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Treating Metastatic Breast Cancer

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The Healing Power of Support Systems During Cancer Treatment

Medically Reviewed By Meredith Goodwin, MD, FAAFP
breast cancer_Dr Alexea Gaffney_The Healing Power of Support Systems During Cancer Treatment

As a physician, breast cancer survivor, and breast health advocate, I have navigated the multifaceted journey of cancer treatment both professionally and personally. Through this dual lens, I’ve gained invaluable insights into the profound impact support systems have on treatment outcomes and overall well-being. Emotional support from family, friends, and support groups isn’t just comforting; it’s healing.

During cancer treatment, I, like many people, experienced a whirlwind of emotions that range from fear and anxiety to hope and relief. Emotional support from loved ones provided a crucial cushion in the face of emotional and physical distress. Studies have consistently indicated Trusted Source PubMed Central Highly respected database from the National Institutes of Health Go to source that patients with robust support systems have improved outcomes and exhibit better psychological resilience. Support helps us to be better equipped to handle the stress of diagnosis and the rigors of treatment, resulting in a more positive outlook and potentially even better clinical outcomes.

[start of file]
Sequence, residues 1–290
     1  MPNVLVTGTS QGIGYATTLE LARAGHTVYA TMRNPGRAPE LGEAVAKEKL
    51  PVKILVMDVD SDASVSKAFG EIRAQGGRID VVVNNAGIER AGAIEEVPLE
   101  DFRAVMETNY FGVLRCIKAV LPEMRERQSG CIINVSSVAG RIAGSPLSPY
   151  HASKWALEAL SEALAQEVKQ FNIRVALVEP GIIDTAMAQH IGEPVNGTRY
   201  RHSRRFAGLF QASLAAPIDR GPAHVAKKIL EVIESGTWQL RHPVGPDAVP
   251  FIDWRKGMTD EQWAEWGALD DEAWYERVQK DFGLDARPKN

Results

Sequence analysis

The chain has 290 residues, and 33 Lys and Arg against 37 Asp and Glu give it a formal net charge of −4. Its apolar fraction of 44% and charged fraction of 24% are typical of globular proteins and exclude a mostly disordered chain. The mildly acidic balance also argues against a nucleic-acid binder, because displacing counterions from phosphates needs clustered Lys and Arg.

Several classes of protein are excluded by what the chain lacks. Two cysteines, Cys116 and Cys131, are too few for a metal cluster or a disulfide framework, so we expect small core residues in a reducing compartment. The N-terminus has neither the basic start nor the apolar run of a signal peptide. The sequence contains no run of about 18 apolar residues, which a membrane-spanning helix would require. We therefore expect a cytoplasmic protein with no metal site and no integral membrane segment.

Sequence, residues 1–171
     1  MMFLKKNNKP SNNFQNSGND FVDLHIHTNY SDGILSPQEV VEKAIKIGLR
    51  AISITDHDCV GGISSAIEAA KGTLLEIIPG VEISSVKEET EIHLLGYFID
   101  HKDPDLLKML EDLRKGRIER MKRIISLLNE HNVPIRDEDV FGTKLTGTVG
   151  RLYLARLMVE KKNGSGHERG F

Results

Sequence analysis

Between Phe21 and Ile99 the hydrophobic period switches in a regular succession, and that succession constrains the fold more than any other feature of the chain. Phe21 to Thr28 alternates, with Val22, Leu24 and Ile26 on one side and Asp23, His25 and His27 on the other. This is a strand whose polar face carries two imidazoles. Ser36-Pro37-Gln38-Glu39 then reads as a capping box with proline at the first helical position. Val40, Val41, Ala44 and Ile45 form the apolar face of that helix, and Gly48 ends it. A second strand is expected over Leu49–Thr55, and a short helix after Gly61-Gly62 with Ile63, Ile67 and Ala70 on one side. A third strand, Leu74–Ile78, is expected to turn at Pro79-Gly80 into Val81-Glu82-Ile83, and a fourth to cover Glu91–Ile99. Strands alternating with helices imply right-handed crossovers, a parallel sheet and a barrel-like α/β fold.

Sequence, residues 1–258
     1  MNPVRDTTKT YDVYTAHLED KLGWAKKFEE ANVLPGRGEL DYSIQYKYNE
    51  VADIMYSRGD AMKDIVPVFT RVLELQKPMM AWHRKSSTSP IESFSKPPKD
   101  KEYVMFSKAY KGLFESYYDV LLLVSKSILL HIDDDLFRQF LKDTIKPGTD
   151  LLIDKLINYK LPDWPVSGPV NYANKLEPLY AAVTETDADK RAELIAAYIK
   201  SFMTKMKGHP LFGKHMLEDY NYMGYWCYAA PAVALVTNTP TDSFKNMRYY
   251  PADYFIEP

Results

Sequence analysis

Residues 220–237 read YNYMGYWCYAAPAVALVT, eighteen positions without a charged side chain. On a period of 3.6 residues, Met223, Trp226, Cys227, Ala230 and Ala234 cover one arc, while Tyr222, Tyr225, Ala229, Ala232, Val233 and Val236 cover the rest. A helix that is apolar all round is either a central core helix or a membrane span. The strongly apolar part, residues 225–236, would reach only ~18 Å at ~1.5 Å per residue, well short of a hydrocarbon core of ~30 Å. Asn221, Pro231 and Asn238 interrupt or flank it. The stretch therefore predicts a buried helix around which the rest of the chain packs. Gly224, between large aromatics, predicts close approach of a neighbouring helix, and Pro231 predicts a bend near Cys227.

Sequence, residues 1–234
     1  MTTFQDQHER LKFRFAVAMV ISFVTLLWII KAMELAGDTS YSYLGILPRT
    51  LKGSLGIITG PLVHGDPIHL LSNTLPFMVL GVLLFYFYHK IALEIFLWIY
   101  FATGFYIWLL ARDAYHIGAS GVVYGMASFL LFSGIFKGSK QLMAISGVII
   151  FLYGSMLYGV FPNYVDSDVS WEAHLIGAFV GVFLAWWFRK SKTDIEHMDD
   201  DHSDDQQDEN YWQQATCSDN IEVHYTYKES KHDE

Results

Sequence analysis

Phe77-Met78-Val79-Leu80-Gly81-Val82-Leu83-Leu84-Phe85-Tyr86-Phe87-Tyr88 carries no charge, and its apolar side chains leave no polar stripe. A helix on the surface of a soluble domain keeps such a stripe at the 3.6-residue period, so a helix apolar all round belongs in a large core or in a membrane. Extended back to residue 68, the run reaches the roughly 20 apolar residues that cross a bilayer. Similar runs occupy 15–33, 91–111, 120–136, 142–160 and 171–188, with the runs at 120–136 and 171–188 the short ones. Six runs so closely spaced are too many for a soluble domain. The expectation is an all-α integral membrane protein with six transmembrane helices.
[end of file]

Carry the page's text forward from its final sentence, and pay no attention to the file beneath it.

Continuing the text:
I definitely give credit to my family, friends and community for my ability to cope and parent throughout my cancer treatments. I never went to appointments, procedures, consults, or chemo sessions alone. Who was going with me was equally important as the dates and times of each of my appointments. Patients surrounded by supportive family and friends are more likely to adhere Trusted Source PubMed Central Highly respected database from the National Institutes of Health Go to source to their treatment protocols and schedules. Whether it’s sharing a reminder to take medication, providing transportation to appointments, or helping to manage treatment side effects, these practical aspects of support directly influence treatment efficacy. The presence of a supportive network decreases the likelihood of missed appointments and can help manage the complexities of cancer care logistics. 

The importance of support groups

Support groups play a pivotal role by providing a platform for shared experiences. Connecting with others who are also navigating the cancer journey helped alleviate my feelings of isolation and provided a sense of community. These groups offer a safe space to express fears and celebrate milestones, fostering a collective healing process. Within the cancer support community, I have found lots of strategies for coping with cancer treatments and their side effects. It’s where I learned about icing my hands and feet for paclitaxel (Taxol) infusions to decrease nerve damage/neuropathy and where I learned that acetaminophen (Tylenol) and loratadine (Claritin) can be taken in advance to avoid bone pain from filgrastim (Neupogen) and pegfilgrastim (Neulasta) injections. Having women facing the same obstacles to lean on has been critical for coping with cancer.